You're probably a lawnmower parent. Here's why:

Recently I attended a talk on raising resilient children and how neuroscience has some interesting points for parents on what helps with that. I was not too excited about it but I was very pleasantly surprised

Firstly, I liked it because it is a topic that not too many people talk about there sure as heck is a lot out there on 'over-parenting' all of epic things you need to be doing day in day out and the responses you should give and everything you need to do so that you don't 'mess them up' all good stuff, but its got a bit OTT if you look at the history of parenting and that we might just be in a micro-management context. An interesting book on this is "All Joy and No Fun" for a sociological perspective.

 

Back on track. So ill pop this in a nut shell. The development of the brain is sequential and a model called the neurosequential model of therapeutics (NMT) is very apt at discussing the levels, the sequences of development and what happens to top layers of brain development (that happens in the teens and up to 35 years old if there are gaps in the bottom levels). That is a very bastardised hash at a summary! But I was trained in the model as was this presenter who does a much better job banging on about the neuroscience.

 

Much of what children do, is done 50,000 times over the years. An example she gave was playing peek-a-boo and what the brain is practicing is being scared, feeling apprehension, suspense, shock, surprise, and whether it will repeat. The brain loves this so much that the child says "more more more" we surprise our children all the time with playing boo, hiding and jumping out etc. however we would not necessarily think we scare our children all the time. The brain takes these moments and this develops capacity in the child. Not only in sequence, planning and logic but also in the emotions and ability to tolerate them and regulate.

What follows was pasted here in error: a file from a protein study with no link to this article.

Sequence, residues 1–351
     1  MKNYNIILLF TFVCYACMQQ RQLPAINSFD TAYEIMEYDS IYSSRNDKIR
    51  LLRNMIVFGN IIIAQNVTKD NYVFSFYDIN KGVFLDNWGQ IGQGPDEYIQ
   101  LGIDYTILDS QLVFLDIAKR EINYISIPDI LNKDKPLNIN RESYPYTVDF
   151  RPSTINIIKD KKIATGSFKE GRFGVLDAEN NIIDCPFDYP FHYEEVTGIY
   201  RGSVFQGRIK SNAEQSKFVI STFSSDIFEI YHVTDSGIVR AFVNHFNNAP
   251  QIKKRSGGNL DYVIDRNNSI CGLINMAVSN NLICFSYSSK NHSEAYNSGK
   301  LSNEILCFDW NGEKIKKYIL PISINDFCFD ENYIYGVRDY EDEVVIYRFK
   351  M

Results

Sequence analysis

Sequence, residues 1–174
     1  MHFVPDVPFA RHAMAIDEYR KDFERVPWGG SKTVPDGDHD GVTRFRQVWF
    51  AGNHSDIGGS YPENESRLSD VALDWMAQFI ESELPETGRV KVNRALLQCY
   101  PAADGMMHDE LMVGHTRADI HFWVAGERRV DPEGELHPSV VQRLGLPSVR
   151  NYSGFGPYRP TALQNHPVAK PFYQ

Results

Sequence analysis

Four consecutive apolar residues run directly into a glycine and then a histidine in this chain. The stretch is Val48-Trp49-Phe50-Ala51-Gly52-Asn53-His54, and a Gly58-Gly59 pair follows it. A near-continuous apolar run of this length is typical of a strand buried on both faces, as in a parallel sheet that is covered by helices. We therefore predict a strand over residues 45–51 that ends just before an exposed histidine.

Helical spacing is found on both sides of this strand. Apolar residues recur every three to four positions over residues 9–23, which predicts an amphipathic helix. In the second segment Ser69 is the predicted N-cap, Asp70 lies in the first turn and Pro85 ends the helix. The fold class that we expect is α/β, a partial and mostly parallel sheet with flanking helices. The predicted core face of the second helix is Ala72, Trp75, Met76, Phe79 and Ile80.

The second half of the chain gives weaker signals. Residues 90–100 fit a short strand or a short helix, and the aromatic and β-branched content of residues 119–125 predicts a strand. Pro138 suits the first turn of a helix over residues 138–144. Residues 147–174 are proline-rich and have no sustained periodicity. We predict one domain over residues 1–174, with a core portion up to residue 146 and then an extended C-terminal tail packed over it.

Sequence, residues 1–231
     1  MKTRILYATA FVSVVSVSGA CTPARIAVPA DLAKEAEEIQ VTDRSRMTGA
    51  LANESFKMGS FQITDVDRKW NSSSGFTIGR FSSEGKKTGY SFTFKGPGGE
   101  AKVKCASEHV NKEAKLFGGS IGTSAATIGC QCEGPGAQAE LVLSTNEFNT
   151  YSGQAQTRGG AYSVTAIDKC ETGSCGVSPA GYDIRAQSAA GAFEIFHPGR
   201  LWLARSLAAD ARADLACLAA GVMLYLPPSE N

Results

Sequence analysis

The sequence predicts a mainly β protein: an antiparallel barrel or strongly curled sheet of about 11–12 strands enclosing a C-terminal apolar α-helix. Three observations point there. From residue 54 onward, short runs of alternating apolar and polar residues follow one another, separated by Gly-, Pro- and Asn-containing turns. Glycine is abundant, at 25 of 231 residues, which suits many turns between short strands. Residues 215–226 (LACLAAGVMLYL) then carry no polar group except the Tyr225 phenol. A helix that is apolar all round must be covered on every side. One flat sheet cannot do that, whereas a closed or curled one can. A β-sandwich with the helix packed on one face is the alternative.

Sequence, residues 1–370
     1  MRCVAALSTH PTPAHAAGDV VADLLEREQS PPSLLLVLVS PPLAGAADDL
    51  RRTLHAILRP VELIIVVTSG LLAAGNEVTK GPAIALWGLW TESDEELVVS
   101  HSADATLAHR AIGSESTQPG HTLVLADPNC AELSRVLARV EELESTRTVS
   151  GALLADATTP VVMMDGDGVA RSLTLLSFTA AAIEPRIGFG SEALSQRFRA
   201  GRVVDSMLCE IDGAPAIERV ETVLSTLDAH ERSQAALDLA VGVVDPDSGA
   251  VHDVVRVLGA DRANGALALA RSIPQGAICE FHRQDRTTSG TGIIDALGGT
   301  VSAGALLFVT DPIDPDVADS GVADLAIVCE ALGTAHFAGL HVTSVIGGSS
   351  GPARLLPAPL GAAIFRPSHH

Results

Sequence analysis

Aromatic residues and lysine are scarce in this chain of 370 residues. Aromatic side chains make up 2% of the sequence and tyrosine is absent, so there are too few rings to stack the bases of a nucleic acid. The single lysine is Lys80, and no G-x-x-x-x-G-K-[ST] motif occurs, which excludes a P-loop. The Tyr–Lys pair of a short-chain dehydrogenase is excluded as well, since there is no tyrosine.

So here is the key point. An adult does not just wake up as an adult and have the ability to manage difficult situations, challenging contexts, personal and professional stress and all the associated emotions. I could go on and name a huge number of difficult things us adults do day to day and as we all know , some times are VERY difficult. And this is where we see that the brain works like a gym...

At a gym you start with your small free weights, you practice, do repetitions, slowly move up and carry larger and larger loads until you have built a heck of a lot more power than you had at the start. And this takes a long time and you can't skip to the end. The work has to be done. 

So lets just Segway in here with the new notion of a "lawnmower parent" this means that the parent is trying to mow down potential upsets, obstacles, challenges, distresses for the child. Of course there are times that this is required, however, the social observation is that more and more parents are doing this and intervening within contexts to smooth the path for their children.

The presenter I went to, quite rightly said we are all , or most of us lawnmower parents. I agree. Socioligally things have changed drastically. There is a theory that in the early 90's a large number of child abductions in the USA meant that there was a large change in the bounds of what was considered safe for children. Talk to any child of the 1970's and they would tell you that they'd go out in the morning play on the farm, parks, friends houses, on the road and come home for dinner, and of course there was no electronic communication. A book that suggests this theory and the change in nature of parenting is "The Coddling of the American Mind: How Good Intentions and Bad Ideas Are Setting Up a Generation for Failure"

Now, kids will often text their parent if a child is teasing them, or if they are having an uncomfortable social challenge or time at school. Now here, the danger is that over-parenting will reduce children's capacity to problem solve and develop resiliency. The presenter was very clear that teasing should be okay and joling. Of course with the distinction from bullying. Teasing builds resilience. It is a form of communication that we all remember and it would invite person problem solving, how to deal with it, thinking about why it happens, how to manage it, who can help. This is lifting the "little" weights in the gym. Other instances where kids have to work it out themselves has them then being slowly and surely set up as a resilient human being. 

If all challenges are smoothed over or the parent agrees with the child's stance and tries to make it go away, the impact can be detrimental. Clinically, I have seen it. In the most extreme cases, teenagers can have a very limited ability to mange issues that arise to the extreme that they need to be pulled out of the school environment. I only say this to highlight that there are all sorts of outcomes.

 

M. Anderson

PgDip. (Endorsed in Ch and Fam Psych), MEd (Endorsed in Child and Fam Psych), BA 

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